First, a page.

BAGHDAD -- Up against the clock, Iraqi politicians spent Wednesday hammering out the final sticking points of an election law they hope to present to parliament for a vote within days to avoid a risky and embarrassing delay of the January polls.
How to handle the oil-rich city of Kirkuk remains the key snag, several Iraqi officials said. The debate now hinges on whether election administrators will count voters based on the city's 2009 population, which would favor Kurds, or include residents from 2004, which would boost Arab representation in the divided city.
A senior aide to the speaker of parliament said there was serious talk of bringing the issue to a vote Thursday, despite the opposition of Kurdish politicians, who seek more time to ensure their interests are addressed.
Massoud Barzani, the president of the Kurdistan region, added to the pressure Wednesday with a public demand to incorporate Kirkuk into his semiautonomous region.
"We will not accept any (other) solution for Kirkuk," Barzani said at the swearing-in of a new Kurdish regional government. "We want it to be annexed to our region because the majority of its population are Kurds."
Timetables set forth by the Iraqi Constitution and the electoral commission make it imperative that an election deal be reached soon. The original deadline was Oct. 15, and there's concern that even a rushed agreement won't leave enough time for election officials to approve candidates, oversee the campaign and ensure voters have enough information before they head to the polls.
Smooth elections are also important for the Obama administration, which had hoped to withdraw most U.S. military forces by next summer and leave Iraq in the care of a newly elected government. A political standoff could leave the country vulnerable to more insurgent attacks, such as the devastating truck bombings that killed 155 people and wounded hundreds more last Sunday.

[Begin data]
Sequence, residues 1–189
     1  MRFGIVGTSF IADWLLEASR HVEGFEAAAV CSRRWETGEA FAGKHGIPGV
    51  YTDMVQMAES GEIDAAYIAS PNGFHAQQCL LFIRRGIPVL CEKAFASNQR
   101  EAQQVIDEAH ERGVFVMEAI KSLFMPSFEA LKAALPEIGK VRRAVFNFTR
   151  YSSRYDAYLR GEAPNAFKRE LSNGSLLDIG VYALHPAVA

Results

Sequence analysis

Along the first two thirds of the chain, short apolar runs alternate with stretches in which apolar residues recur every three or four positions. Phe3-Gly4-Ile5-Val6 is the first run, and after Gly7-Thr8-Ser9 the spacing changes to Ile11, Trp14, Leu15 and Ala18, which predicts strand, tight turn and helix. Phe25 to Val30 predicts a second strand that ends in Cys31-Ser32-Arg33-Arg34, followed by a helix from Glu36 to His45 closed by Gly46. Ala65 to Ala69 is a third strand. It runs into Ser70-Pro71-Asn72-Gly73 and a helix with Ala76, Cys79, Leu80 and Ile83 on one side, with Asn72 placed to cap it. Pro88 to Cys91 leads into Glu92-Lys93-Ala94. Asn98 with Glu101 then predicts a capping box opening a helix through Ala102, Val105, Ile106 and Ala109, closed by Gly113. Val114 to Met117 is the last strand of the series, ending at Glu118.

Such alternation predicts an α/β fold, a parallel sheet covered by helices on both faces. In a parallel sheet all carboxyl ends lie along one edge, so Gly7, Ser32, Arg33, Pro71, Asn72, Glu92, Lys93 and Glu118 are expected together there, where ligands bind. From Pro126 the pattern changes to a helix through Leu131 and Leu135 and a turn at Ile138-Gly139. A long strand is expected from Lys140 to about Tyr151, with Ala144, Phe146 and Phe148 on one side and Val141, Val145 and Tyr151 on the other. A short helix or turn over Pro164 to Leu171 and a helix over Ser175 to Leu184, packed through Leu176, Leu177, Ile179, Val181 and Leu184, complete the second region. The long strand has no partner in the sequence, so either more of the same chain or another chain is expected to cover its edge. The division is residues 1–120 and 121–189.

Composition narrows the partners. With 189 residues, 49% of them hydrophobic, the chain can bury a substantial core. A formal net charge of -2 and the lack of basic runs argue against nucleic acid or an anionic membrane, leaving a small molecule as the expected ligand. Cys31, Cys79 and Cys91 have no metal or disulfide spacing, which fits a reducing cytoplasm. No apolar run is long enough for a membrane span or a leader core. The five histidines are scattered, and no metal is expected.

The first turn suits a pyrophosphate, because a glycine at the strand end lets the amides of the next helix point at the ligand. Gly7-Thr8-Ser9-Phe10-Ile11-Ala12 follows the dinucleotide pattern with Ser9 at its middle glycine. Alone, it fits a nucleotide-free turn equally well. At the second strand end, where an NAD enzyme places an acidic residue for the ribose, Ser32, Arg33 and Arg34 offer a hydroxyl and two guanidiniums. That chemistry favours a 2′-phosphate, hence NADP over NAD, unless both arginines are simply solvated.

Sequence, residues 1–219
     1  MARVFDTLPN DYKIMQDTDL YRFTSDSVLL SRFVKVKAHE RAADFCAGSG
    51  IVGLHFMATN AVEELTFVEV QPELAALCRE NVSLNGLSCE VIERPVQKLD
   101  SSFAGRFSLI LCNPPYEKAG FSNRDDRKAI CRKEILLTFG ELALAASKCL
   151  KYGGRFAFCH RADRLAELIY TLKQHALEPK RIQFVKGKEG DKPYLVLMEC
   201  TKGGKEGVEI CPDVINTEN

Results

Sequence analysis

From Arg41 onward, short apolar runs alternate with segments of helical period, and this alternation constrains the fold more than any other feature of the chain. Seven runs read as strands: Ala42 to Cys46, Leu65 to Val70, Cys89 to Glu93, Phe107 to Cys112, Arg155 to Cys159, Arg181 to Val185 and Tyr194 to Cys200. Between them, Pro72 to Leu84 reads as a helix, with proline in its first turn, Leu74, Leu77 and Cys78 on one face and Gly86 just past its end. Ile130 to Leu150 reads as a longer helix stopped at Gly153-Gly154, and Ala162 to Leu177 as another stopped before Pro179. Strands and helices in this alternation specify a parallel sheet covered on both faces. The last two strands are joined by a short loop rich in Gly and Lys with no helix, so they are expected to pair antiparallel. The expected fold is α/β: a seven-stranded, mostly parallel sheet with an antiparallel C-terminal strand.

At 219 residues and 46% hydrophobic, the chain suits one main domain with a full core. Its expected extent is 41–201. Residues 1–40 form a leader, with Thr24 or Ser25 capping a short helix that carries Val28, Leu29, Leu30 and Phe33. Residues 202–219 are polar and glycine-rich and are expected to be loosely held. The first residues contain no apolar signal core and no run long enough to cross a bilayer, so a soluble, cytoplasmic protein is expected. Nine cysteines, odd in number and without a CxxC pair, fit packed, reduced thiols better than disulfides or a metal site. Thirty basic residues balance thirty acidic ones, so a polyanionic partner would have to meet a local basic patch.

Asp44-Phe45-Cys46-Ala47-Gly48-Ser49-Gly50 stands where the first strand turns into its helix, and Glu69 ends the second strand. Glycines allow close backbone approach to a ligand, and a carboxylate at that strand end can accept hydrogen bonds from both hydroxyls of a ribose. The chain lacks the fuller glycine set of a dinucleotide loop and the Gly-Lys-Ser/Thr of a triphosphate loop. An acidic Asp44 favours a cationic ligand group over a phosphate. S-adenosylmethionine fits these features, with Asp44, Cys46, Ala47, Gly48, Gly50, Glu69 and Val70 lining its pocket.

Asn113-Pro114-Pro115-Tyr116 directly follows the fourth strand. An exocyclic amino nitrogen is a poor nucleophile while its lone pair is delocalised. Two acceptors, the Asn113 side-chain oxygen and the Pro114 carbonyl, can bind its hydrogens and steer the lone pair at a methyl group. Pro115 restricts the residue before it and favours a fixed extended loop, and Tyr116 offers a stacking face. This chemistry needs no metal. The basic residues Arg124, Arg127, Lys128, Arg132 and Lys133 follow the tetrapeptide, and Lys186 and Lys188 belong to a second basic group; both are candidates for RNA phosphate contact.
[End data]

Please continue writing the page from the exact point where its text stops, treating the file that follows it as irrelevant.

"We cannot wait forever for the election law to be passed, and we've said this to parliament," said Judge Qassim al Abboudi, a senior administrator on the elections commission. "But we have seen that there is a real effort to finalize the law. Kirkuk remains the issue. With the grace of God, they should have a final draft within the next few days, and within that time frame we will work night and day in order to make do with what time we have left."
Pushing for an outcome that angers either Arabs or Kurds could backfire, with riots of the sort that occurred after previous debates over election laws. Arabs insist on using the 2004 registry, but Kurds favor a U.N. proposal to use 2009 voter records for the January election until a broader resolution is reached.
Arab and Kurdish camps blamed each other Wednesday for delaying the election law.
Khalid Shwani, a Kurdish legislator, said the "rigidity and stubbornness" of his Arab counterparts were sinking hopes for a consensus. He said the 2009 census was the most accurate count of voters and that the Arabs were pushing to use older records in order to deny the reality of a Kurdish majority in Kirkuk after years of reversing the Saddam Hussein-era policy of "Arabization," which drove Kurds from the city to give it an Arab identity.
"These people, our brothers, call for the use of the 2004 census in order to reap political gains because it will give them the upper hand," Shwani said. "We have failed to reach an accord, and it is they who must bear the responsibility for that."
Sunni Muslim Arab legislators, however, charged that bias toward the Kurds was stalling progress, with the Shiite Muslim- and Sunni Kurd-dominated government throwing its weight behind a proposal that could disenfranchise some Arab voters in Kirkuk.
"In Iraq we've gotten used to resolving our issues by consensus, but if an accord can't be reached today, we will vote tomorrow," said Saleem al Jubouri, a spokesman for the main Sunni Arab political bloc. "Either we have an election law or we don't, (but) we must vote and the vote will be final."
(Issa is a McClatchy special correspondent. Allam reported from Cairo, Egypt. Special correspondent Yaseen Taha contributed to this article from Irbil, Iraq.)
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